The OECD too, wrote: “This episode of weak growth reinforces the need for stronger public investment in many countries, broadly defined to include education and health care spending, to support demand and boost medium-term living standards”.
There’s also a realisation that the huge stimulus injections can just end up in the pockets of the rich, as has mainly happened since the last crisis. So the Economist argues: “Better to support the economy directly, by helping people and firms pay bills and borrow money if they need it”.
The alarm is high enough that some such limited measures are being announced across the world, but we demand that they go much further to prevent working-class and middle-class people from bearing the cost of the coronavirus crisis. No jobs or wages should be lost and everyone should have access to the best possible health care. Where necessary, to maintain jobs and pay, large companies should be nationalised, with compensation paid only on the basis of proven need. Trade unions must demand that company books be opened to inspection, and government assistance be given to small businesses that genuinely need it.
These demands and more should also apply when, once again, workers are faced with paying the price of the coming downturn.
There will understandably be anger towards governments over inept responses to the spread of Covid-19 and lack of transparency. This is already the case in China, but also in western countries, including the US, where Trump has been dangerously dismissive and shown a lack of preparation.
As capitalism is a system based on profit and not human well-being and is now in long-term economic decline, it will resist giving sufficient basic protection and aid to the majority in society when disasters hit – whether weather-related, diseases or geological events. Only through socialist planning in every country, coordinated on a global scale and utilising the immense resources that would become available from publicly owning the main industries, will this be possible.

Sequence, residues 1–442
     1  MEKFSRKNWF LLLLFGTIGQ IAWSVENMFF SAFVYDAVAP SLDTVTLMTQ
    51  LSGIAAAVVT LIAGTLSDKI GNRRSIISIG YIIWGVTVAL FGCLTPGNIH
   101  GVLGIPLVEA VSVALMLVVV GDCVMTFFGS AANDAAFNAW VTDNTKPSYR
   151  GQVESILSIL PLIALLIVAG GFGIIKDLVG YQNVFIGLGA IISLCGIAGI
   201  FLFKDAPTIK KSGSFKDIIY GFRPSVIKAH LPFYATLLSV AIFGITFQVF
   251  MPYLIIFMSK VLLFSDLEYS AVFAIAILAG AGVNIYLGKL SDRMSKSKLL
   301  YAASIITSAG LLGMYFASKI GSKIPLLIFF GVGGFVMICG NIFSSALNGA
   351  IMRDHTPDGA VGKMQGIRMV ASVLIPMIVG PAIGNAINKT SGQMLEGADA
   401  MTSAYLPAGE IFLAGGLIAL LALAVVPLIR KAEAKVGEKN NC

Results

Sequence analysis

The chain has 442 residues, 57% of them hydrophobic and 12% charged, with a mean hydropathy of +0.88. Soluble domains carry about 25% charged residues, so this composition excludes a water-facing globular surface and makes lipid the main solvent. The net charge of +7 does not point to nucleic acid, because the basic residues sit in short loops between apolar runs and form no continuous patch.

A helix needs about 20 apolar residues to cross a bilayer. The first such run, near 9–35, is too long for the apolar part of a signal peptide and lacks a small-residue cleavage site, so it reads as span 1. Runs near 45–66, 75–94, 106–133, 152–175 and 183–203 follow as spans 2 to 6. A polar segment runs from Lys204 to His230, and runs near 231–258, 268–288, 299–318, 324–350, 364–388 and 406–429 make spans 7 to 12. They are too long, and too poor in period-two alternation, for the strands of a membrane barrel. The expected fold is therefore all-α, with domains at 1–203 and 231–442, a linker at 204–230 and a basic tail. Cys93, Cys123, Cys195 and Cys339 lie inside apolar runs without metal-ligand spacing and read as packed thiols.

None of the modest measures expected in this week’s UK budget to counter Covid-19 will fundamentally change the fact that the NHS can’t cope with a major epidemic. Inadequate funding over many years has meant devastating staff shortages and lack of beds and equipment. The severe cuts in funding to local authorities will also become even more clearly exposed, as councils are meant to be able to play a key role in responding to public health emergencies.
Neither will any attempted ‘feel-good’ measures in the budget – designed to reward voters for returning Johnson’s government to power with a majority – make up for long-stagnant wages and the fact that in recent years the poorest families have become poorer.
With the economy barely growing, new chancellor, Rishi Sunak, will not be able to get anywhere near to solving the multiple crises in health, social care, and living standards generally, within the constraints that his party and the financial institutions try to impose.
Then there is the Tory government’s acute problems regarding Brexit, with the first round of trade talks with the EU ending with EU chief negotiator Michel Barnier stressing “very grave and serious” disagreements in the way of a deal.
Advice to Boris Johnson on that issue has come from Simon Nixon, a lead writer in the Times, who wrote that the government could use the coronavirus crisis as an opportunity to extend the transition period, soften some of its red lines or, among other suggestions, “provide cover for exiting the transition period at the end of the year with no trade deal. After all, in the midst of a crisis, it will be easier to blame the economic consequences of Brexit on the virus”.
This gives a glimpse of discussions within the capitalist establishment which are normally hidden from public view. The Socialist Party (CWI England & Wales) will continue to expose their anti-working class deliberations and to help the workers’ movement build a force that can defend living standards and remove the Tories from power as soon as possible, while also building support for socialist ideas.